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‘Strong’: Tyler Hubbard on Creating His Most Personal Album Yet

April 12, 2024 10:45 am GMT

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What comes to mind when you hear the word ‘Strong’?

The title of the latest album from former Florida Georgia Line member and current multi-Platinum solo hitmaker, Tyler Hubbard, could conjure up a sense of fierce, teeth-gritted defiance - of staying Strong - in the face of negativity or criticism.

In reality, both when listening to Strong and when discussing the record with Tyler, it's clear this interpretation couldn't be further from the truth. The ‘5 Foot 9’ singer-songwriter is once again dancing to the beat of his own drum, lacing positivity into every lyric on the album. The strength he's referring to, then, is closer to the sentiment behind ‘Tough’ from his 2023 self-titled debut. Tyler Hubbard is talking about the inner strength and peace of mind that comes from his faith, his relationship and the pastoral gratitude that inspires so much of the new project.

“I'm in a really great place and I'm having a lot of fun”, Tyler explains, “A lot of these songs were channelled from the energy I was pulling from the fans. All this stuff was written on the road last year, so it was really fun to play the live show, essentially meet my fans for the first time, and draw from their energy and see what songs were connecting with them, and what was missing in the set”.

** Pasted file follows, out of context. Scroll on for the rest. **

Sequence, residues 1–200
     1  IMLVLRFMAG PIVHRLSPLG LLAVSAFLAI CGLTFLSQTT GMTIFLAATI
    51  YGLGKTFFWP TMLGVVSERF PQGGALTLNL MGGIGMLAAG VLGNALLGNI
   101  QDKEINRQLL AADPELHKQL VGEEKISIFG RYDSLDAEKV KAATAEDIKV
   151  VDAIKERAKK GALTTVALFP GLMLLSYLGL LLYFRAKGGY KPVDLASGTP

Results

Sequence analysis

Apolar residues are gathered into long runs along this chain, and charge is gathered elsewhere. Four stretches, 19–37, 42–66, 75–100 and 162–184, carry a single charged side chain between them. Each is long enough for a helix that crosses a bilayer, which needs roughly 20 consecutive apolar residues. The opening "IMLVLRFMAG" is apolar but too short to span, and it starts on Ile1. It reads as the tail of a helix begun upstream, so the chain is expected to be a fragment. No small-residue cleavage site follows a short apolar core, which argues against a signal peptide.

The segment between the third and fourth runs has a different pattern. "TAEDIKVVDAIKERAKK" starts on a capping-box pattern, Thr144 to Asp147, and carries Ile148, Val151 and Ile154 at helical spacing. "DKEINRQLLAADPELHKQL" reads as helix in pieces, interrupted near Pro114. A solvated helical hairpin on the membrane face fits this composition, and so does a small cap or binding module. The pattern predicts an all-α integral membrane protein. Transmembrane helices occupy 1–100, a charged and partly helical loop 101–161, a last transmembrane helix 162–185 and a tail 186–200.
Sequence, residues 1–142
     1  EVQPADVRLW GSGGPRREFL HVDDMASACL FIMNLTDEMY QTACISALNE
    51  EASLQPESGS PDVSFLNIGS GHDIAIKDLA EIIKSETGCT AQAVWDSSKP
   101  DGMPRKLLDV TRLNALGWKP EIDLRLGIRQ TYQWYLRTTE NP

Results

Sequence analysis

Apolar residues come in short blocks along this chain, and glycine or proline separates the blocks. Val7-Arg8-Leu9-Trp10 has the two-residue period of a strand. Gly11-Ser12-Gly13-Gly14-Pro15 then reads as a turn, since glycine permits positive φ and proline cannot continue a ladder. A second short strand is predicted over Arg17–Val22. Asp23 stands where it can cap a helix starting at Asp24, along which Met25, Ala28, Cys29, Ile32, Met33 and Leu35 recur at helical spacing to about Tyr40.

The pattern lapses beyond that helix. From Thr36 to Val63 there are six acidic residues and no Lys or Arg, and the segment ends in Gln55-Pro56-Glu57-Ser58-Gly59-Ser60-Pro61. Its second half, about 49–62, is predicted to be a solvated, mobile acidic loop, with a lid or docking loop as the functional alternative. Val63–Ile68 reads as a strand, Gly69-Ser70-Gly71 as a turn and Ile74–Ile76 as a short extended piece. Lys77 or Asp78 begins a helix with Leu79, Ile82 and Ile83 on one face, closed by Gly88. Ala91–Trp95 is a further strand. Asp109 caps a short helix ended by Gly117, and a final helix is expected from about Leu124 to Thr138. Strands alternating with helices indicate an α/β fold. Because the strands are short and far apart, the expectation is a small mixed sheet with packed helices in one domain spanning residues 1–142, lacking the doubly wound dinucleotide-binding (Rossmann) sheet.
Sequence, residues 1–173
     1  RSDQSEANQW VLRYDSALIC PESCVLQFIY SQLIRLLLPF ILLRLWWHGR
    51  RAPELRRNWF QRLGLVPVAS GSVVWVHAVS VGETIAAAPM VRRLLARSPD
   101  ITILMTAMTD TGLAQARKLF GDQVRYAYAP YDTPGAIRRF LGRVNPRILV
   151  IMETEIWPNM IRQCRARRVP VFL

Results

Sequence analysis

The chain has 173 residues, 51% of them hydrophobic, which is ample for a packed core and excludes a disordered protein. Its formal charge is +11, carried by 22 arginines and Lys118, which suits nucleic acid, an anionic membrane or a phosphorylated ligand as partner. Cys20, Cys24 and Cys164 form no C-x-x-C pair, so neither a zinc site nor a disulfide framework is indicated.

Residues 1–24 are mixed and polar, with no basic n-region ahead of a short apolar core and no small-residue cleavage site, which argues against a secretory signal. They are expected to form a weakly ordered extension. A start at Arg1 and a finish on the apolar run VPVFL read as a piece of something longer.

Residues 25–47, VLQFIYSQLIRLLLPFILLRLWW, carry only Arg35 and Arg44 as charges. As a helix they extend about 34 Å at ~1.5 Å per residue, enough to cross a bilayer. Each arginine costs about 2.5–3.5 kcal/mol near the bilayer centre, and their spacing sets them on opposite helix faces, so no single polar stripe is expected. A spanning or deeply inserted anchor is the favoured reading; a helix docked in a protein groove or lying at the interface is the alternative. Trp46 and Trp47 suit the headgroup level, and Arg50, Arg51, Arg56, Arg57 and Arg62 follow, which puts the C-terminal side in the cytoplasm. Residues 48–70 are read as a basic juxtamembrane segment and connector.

Tyler's audiences served as real-time gauges for the new music, helping him to hone the tracklist, “It's really fun to get directly off stage and go start writing songs. A lot of these songs are positive, with good energy. Even the songs with a little more heart and depth, they still have an undertone of joy - and I hope that's what this album brings people, and I hope people leave my live show feeling the same way”.

‘Joy’ feels like the keystone of the project. ‘80s pop colours the majority of the compositions, infusing a dose of rose-tinted nostalgia into the mix, with the warm, radiant guitar riffs and hazy, synth-backed beats cocooning Tyler Hubbard's easygoing drawl. From the sonic serotonin shot of ‘A Lot With A Little’ to the infectiously wistful ‘Back Then, Right Now’, Tyler compiles a vibrant collage of vignettes that all pivot around the unhurried, gentle contentment he exudes. This state of mind is a prized commodity in today's 100mph world.

Tyler muses, “I think in our culture, it's pretty easy to get wrapped up in the pace of life. There are so many things coming at you all the time. For me, it's important to make time to slow down, strip things back and simplify my life - just minimising the noise and the mess. If we're not careful, we can really overcomplicate life and get distracted. It's fun to remind myself through my music to do that, and to remember what life's about. Keep it simple, have fun with it and keep that a priority”.

Tyler Hubbard breaks the ice at the start of the record with idyllic, free-flowing snapshots of young love portrayed via playful, beat-driven jams, before peeling back the layers on introspective offerings such as ‘Take Me Back‘, ‘73 Beetle’ and ‘Strong’.